New research finds link between built environment and non-communicable diseases


You need the toilet‚ so you walk off to the bathroom in your house and shut the door.

Now imagine being a child in the Taiwan informal settlement in Khayelitsha.

You need the toilet‚ but you must first walk across many dusty streets lined with shacks.

Before you can use the communal loo‚ you must knock on the door of a stranger who keeps the key in his or her shack.

Before you’ve even relieved yourself‚ you must ask yourself: am I safe?

This is daily life for slum dwellers in South Africa‚ and now‚ a recent study that used the powerful technique of “bodymapping” has drawn bold lines between the built environment and non-communicable diseases in Khayelitsha‚ which has the largest concentration of poverty in the city of Cape Town.

Warren Smit‚ head of research at the African Centre for Cities‚ presented this ground-breaking study at the urban health in Africa conference this week near Somerset West.

“For body-mapping‚ participants trace the outlines of their bodies on large sheets of paper. Each one then annotates the map of his/her own body illustrating different aspects of their health and well-being‚” he explained.

He said this provided “very rich detail and information about where people lived and their subjective feelings on how where they lived impacted on their health”.

The participants – 10 from three different areas in Khayelitsha ranging from formal housing to the abject poverty of shack-dwelling – gradually worked on the mapping over the course of five days‚ “drawing the organs inside as they knew them‚ and then annotating these drawings to represent different aspects of their health and wellbeing (for example‚ adding ‘scars to the skin’ and ‘scars under the skin’)”.

They were also asked to draw their life histories onto the maps.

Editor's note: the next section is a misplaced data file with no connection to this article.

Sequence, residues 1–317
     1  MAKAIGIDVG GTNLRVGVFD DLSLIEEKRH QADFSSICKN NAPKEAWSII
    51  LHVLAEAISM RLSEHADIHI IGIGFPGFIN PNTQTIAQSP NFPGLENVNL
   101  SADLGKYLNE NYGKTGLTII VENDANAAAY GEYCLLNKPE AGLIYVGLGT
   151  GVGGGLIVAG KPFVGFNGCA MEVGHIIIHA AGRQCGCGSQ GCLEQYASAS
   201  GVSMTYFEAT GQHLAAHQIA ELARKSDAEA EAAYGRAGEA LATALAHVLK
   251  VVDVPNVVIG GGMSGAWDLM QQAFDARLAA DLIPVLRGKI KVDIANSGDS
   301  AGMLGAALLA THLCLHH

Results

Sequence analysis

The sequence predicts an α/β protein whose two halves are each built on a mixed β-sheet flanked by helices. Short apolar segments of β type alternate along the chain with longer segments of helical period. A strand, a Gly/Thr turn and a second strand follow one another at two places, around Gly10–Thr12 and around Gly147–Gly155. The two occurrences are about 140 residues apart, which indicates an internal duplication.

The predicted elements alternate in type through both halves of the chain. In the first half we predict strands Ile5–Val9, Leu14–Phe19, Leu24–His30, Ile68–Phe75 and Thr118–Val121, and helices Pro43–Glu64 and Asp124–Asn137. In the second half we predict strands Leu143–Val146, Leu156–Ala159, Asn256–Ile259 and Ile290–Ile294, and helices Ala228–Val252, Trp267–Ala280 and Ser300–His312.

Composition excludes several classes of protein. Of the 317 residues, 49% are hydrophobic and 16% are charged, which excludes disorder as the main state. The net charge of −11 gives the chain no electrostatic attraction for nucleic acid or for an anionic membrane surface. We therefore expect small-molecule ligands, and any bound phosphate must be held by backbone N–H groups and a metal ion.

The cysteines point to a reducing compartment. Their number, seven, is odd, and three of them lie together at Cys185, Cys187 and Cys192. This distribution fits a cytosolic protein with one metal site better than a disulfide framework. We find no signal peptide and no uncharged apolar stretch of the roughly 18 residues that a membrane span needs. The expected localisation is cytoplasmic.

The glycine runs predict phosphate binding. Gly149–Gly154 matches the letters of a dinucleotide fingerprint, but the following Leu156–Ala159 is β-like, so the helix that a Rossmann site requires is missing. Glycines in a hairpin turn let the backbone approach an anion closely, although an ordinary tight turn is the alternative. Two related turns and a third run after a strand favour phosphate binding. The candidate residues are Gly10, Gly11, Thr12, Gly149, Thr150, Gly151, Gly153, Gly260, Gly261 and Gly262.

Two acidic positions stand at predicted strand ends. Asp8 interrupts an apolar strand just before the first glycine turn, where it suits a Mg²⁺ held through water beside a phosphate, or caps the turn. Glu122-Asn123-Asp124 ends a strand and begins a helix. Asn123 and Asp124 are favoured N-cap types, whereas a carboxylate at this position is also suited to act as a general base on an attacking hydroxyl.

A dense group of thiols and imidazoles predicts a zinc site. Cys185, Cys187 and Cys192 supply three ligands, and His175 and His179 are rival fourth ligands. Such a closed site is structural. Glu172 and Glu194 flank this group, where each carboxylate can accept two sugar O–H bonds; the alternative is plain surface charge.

What transpired was a rich slate of information on the lived experiences of the participants.

In terms of shelter‚ said Smit‚ what emerged in Taiwan was a picture of annual flooding in shacks every winter‚ with dwellers doing everything in their power to try keep dry and warm.

This is a direct result of there being no stormwater drainage.

With toilets in Taiwan‚ it isn’t only kids who have to face their fears.

“Nobody goes to the toilets at night because they are afraid‚” said Smit.

Regarding public spaces: there are very few and those that exist are not well maintained.

“They aren’t used by children as they are considered dangerous‚ and where gangsters and drug addicts hang out‚” said Smit.

Also‚ many dwellers cook on the side of the road and sell their food to others‚ “but there is no protection from sand‚ wind‚ heat and rain as there is no infrastructure provided for these traders”‚ explained Smit.

People had also suffered mental health problems by living close to shebeens which were noisy and threatening.

In conclusion‚ said the researchers: “Tackling NCDs clearly requires both lifestyle interventions and interventions in the urban environment. However‚ as the case of Khayelitsha demonstrates‚ it is important to recognise the economic‚ social and political forces underpinning built environments such as these.”

– TMG Digital/TimesLIVE

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